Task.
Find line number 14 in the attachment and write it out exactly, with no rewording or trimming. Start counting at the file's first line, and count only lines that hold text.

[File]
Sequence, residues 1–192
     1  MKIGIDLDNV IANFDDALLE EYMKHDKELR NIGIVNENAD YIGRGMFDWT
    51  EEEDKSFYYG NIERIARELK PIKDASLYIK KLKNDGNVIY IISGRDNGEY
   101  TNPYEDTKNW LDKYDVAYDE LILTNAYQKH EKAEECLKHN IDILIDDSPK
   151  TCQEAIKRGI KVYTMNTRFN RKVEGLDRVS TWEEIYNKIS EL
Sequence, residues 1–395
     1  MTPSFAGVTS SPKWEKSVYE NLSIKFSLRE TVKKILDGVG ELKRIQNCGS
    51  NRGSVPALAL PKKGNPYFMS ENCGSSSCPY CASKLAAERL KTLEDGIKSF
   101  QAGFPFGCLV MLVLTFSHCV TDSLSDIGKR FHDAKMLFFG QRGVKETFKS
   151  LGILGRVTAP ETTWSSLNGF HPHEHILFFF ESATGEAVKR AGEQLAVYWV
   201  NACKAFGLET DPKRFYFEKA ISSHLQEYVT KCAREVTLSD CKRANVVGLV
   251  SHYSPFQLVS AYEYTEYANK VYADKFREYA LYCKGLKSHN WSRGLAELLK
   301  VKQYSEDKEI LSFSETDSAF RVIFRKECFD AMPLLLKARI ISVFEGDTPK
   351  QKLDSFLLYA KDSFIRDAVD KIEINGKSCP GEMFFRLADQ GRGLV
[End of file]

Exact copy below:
   351  QKLDSFLLYA KDSFIRDAVD KIEINGKSCP GEMFFRLADQ GRGLV